View Full Version : Trying to drive the camera crazy

06-01-2010, 12:44 AM
Warning: there's a number of pictures ahead.

So I've acquired a circular polarizing filter. Normally I'd take my time futzing with it, but there's an airshow coming up Saturday. It's got airplanes. And Mike will want pictures of them. So yesterday I took a bunch of shots that I was fairly certain would make the camera wonky if I wasn't using the filter. My observations thus far: it definitely makes a difference. Sometimes there's a color cast. It works in the shade (good to know, since the weather forecast for Saturday is cloudy, possible rain). I have the rest of this week to practice. So here's some of the results - tell me what might help to get better ones, rain or shine.

The setting: one of the shooting ranges at Parma Rod and Gun Club. From prior experience I knew the bright dirt and bright sun made it hard to avoid glare.
Then there's the metal roofs of the firing line shelters.
The range flag, across a field of nice, bright weeds.
The brass on shells and casings. Always good for a spot of glare.
And a classic, subject in mostly shade, background partly shade, partly sun on the nice, bright dirt.

06-01-2010, 12:51 AM
Here's the rest. Bright yellow flowers, which gives me grief no matter where they are.
Shiny black rocks. Shiny rocks, period, but black seems to be particularly bad.
Fly on the car's bumper. Full sun, and it was grabbing an opportunity, rather than planned.
Light and shadow again, with shiny metal and white paper inside a black bag. On that one, I'm not sure you can do much because of the paper.
And in full shade, a cartridge that got left behind who knows how long ago. (I'd take a photo of something like this regardless, but it was still a useful exercise to use the filter with it. I also took the filter off, to see if it made a difference in color, and there didn't seem to be much)

Comments? Suggestions? Or is Mike going to cry into his pillow Saturday night?:eek:

06-06-2010, 10:02 PM
I've noticed there aren't any comments on your shots. I think it may be because there are just too many of them and we don't know what to focus on!

Mad Aussie
06-07-2010, 02:12 AM
Looks like we missed this one and the airshow has been now right?

How did your new CP go then?

To be honest ... looking at those shots above ... I'm not seeing any that really are obvious a CP was used at all.

06-07-2010, 10:05 AM
I would agree with MA here - the 'classic' polarizer shot is that deep blue sky with white fluffy clouds.

06-07-2010, 09:08 PM
Hi, everyone. MA, yes, the airshow was Saturday (starting off a week's vacation for Mike and me). Sorry if the original message wasn't clear - I was in a tearing hurry, had just gotten the filters and had a week to figure out what they could do for me, and what drawbacks they'd have. I'm glad to hear that the use of the filter wasn't obvious. The Parma range has that bright, light tan, fine dirt that just skews a camera's metering horribly. Based on the reading I'd done, I knew it couldn't cut out glare off metal, but it did seem to limit how much there was (the bullets, brass, and the roofs of the shelters. They're corrugated metal). The car bumper is the glittery plastic, another bad spot for glare, and it's a light tan.

You've seen a few pictures from other airshows. They were taken with less capable cameras, true, but you can see that the sunlight was terribly bright, with all the problems that can cause on shiny paint jobs and metal buildings. For a bad case, go back and look at the picture of the pilot laying on the Avenger's wing. You should have seen what I threw out from that show.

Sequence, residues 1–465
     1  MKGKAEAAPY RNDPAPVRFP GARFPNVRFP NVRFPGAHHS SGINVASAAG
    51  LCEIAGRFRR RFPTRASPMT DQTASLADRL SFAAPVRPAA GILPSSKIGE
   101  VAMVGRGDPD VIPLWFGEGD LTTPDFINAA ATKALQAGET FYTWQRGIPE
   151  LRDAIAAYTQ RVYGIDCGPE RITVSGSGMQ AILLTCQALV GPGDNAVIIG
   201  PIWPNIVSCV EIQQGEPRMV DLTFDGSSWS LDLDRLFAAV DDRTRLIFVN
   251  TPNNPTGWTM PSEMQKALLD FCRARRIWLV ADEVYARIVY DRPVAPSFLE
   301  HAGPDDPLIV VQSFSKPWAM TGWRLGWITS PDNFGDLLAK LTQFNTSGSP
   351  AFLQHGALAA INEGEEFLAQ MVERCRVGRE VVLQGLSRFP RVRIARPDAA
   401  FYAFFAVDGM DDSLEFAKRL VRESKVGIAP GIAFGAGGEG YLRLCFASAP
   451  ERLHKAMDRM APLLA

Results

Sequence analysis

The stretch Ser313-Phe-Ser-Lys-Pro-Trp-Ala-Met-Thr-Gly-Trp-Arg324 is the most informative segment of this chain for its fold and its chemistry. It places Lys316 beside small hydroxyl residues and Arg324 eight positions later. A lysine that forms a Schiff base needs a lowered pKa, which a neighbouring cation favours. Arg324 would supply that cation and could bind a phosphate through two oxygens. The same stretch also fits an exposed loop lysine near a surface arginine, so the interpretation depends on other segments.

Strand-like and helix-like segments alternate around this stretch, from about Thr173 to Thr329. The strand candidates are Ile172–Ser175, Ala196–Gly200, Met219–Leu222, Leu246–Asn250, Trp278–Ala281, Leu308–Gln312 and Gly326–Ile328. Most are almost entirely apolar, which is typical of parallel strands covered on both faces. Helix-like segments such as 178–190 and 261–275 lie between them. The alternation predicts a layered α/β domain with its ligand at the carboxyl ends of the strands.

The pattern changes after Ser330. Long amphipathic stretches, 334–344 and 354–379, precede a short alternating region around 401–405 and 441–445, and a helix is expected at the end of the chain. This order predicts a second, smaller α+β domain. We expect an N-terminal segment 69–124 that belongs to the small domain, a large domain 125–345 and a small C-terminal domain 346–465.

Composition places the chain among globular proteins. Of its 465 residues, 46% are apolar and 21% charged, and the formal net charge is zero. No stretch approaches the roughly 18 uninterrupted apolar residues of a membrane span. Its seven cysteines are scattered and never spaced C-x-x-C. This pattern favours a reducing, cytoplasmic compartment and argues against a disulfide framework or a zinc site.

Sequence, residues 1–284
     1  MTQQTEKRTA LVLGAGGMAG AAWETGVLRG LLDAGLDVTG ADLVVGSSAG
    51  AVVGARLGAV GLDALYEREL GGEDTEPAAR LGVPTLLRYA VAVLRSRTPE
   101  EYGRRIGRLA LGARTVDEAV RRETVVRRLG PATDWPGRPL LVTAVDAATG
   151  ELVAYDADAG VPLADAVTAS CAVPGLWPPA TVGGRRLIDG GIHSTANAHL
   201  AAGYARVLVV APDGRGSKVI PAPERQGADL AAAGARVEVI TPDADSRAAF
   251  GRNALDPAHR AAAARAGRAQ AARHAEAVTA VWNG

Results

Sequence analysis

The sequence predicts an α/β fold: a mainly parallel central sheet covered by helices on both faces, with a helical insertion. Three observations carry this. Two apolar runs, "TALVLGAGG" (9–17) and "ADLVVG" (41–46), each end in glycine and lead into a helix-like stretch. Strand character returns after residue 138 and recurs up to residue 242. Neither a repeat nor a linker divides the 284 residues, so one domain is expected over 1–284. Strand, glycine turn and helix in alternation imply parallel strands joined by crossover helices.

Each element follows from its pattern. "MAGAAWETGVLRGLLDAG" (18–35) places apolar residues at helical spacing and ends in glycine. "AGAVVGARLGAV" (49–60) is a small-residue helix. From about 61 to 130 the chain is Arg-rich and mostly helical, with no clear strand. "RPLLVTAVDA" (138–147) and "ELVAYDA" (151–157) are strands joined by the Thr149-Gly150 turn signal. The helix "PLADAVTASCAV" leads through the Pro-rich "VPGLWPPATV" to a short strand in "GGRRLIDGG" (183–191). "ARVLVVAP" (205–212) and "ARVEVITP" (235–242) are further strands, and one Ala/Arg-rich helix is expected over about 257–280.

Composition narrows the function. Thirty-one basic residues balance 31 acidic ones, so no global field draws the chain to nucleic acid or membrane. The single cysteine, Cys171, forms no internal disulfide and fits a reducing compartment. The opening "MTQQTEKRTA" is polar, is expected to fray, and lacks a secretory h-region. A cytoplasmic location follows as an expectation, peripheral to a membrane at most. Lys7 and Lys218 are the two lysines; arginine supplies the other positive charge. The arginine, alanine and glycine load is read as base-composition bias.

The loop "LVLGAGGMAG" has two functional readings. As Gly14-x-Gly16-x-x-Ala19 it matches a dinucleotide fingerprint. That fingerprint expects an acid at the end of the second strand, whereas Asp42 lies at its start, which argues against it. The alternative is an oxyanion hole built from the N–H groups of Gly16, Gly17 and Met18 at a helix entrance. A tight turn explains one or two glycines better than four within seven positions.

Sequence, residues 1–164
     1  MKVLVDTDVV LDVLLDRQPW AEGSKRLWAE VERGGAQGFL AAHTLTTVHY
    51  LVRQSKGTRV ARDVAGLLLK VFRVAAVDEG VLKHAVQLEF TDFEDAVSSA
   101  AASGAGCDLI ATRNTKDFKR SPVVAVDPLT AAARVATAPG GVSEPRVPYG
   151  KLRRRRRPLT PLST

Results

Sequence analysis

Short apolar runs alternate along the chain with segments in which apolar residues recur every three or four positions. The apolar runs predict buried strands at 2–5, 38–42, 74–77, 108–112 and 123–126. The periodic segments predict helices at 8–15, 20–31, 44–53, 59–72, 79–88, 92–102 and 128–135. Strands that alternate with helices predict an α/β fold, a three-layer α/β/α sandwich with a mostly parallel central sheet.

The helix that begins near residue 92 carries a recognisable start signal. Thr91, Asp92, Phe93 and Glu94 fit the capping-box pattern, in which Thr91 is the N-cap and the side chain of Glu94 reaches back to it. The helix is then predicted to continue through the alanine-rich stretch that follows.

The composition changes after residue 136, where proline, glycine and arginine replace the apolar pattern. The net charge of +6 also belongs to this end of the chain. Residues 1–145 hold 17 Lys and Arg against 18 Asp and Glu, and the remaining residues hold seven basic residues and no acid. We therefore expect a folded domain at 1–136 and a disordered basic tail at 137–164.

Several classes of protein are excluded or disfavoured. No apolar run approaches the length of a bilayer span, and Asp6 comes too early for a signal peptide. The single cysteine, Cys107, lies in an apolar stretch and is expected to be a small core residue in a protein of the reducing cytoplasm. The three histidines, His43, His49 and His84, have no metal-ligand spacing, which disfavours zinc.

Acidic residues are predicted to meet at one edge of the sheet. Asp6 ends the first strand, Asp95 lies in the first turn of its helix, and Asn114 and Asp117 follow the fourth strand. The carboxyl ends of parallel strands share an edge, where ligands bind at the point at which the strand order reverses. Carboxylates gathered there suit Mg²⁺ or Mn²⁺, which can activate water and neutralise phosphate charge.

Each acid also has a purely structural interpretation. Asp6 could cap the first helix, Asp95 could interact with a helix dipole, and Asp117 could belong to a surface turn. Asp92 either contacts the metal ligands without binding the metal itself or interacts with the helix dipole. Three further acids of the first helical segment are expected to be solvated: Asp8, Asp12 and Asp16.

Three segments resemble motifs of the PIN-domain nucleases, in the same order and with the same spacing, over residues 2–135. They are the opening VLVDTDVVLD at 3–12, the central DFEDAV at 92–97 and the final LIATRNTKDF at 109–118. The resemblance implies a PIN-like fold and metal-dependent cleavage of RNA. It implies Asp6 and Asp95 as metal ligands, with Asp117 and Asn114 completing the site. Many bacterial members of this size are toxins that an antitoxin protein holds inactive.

So I knew I'd need the CP. I also knew that I wanted to set the camera up and not be changing what was on the lens if I could help it. In the middle of a crowd just isn't the place to change anything, and I knew from one of the organizers that they expected around 10,000 people to attend. And if I went back to one of the hangars to change anything (I had access to the hangar the Warhawk Air Museum has at Caldwell airport), I would miss whoever was rolling out until I could get back to the flight line.

So I practiced all week, mostly with strong contrasts, shiny water, and bright flowers, trying different positions on the CP, and to some extent experimented with the metering modes. For the show itself the first thing I did was sit down at one of the tables outside the airport coffee shop and point the camera at the biggest mass of shiny airplanes, bright sun and white clouds I could spot. Based on that, I ended up adding an ND 2 as well. I expected that the light would change enough during the day that I'd be changing the ISO to keep the shutter speed and DOF up. It was cloudy off and on all day. But the times when the sun was fully out, there just wasn't any way the camera could handle it without both filters.

I never expected that I would get nothing. I just wanted to maximize both the quality and quantity of what I could get. I shot around 1,500 photos (deleted some at the show when there were breaks between flights - inconspicuous dots on the camera's LCD display weren't likely to be much larger on a monitor). I did the first review that night - anything obviously blurry, tiny, or otherwise not workable went. Working on the P-40s right now. Sue's batteries died, and she asked if she could have some of my shots (JC was flying one of the P-40s; Sue is his mother). I'll post a couple of shots once I have things a little farther along.

Mad Aussie
06-08-2010, 01:28 AM
Will look forward to what sounds like a thread that will grow as you get through the shots :)